video of Dr. Lori now talking about stolen art,
Royal Doulton figurines, and inexpensive insurance coverage. Video courtesy CBS 3 TV.
Protecting Your Property from Theft #1
- #3 (below)
Property from Theft #4 & #5 (next
page to a friend
your Personal Property - Dr. Lori's Tips
While are all concerned about identity theft, we are completely forgetting about protecting our personal property. Every year, I evaluate about 20,000 objects both at
antique appraisal events and in private homes.
With every object comes a story. These stories below derive from people who have suffered a loss from personal property theft. Many of us are leaving ourselves vulnerable.
1. Don’t Advertise
I can’t tell you how many times I have been conducting one of my public events and all of a sudden I’ll see a person whip out a miniature photo album filled with pictures of nearly every valuable item they own and show it to someone sitting in the crowd next to them that they hardly know. They flip through the pages recounting how or when they acquired that oil painting, pair of crystal vases, or piece of estate jewelry.
As they move toward the refreshment table and share their album with someone else, the first person is asking another person where the “album lady” lives. I see this happening in the produce section of the grocery store, at the library book discussion session, and a litany of other places. Remember the old saying “Loose lips, Sink ships” from American history class?
2. Don’t leave People Unattended
This tip is borrowed directly from my mother’s instructions when we were youngsters and she was stepping out for a quick trip to the store. The cardinal rule was don’t let anyone in the house. And, running a close second was stay with your guests. For you art and antiques lovers, Mom’s tip should read “don’t let anyone in your home while you are hosting a yard sale.”
In Philadelphia, PA recently, a woman hosted a yard sale and allowed a gentleman to use her bathroom while she was outside. Sounds reasonable. Two weeks later, her house was robbed. He was “casing the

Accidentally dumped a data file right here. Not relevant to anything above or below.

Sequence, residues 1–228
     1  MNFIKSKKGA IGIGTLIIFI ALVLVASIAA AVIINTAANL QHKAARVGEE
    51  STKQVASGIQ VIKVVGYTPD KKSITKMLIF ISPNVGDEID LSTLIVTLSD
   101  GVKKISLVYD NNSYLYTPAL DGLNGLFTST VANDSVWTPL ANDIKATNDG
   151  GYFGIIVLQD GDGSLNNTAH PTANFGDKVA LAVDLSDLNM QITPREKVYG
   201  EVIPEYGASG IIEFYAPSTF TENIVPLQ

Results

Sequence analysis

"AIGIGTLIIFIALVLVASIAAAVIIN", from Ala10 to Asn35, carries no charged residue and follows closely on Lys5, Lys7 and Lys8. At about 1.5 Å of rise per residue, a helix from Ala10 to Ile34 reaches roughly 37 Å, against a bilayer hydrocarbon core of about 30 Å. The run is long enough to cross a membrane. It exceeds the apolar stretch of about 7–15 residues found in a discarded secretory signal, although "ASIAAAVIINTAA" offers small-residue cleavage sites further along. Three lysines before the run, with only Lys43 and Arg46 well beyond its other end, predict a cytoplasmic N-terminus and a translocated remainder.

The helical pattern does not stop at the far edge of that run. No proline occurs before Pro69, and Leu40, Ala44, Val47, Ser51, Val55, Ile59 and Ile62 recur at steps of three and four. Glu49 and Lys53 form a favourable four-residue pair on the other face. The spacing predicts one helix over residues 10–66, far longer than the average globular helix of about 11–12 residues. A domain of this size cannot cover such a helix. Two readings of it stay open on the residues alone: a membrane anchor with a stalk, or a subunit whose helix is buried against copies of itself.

joint" during his bathroom trip. Also, if people are in your house to fix a leaky pipe, install new kitchen cabinets, or reviewing that old exercise bike that you are trying to sell, don’t leave them unattended.
3. Don’t keep Neighbors in the Dark
There have been numerous reports of the polite neighbor who noticed something “strange” happening at a neighbor’s house and did nothing. Fearing that they would be considered rude, the neighbor sat idly by while their neighbor’s house was robbed in broad daylight. Give a trusted neighbor the 911 and the Green Light. Share information about your vacations, a significant schedule change, or a relatives’ extended visit.
That Philadelphia, PA woman’s neighbors thought that she had decided to move in with her adult daughter. While she was away, her neighbors just watched as the “movers”, actually theives, loaded a van with her stuff. They even robbed armoires, chests, and other large furniture items right before neighbors’ eyes.
Give trusted neighbors the green light to call the police if they see something unusual happening around your house.
In Part II of this article, I outline more tips about how to protect your property when consigning to auctions and in the world of
Masterpiece Technologies Inc.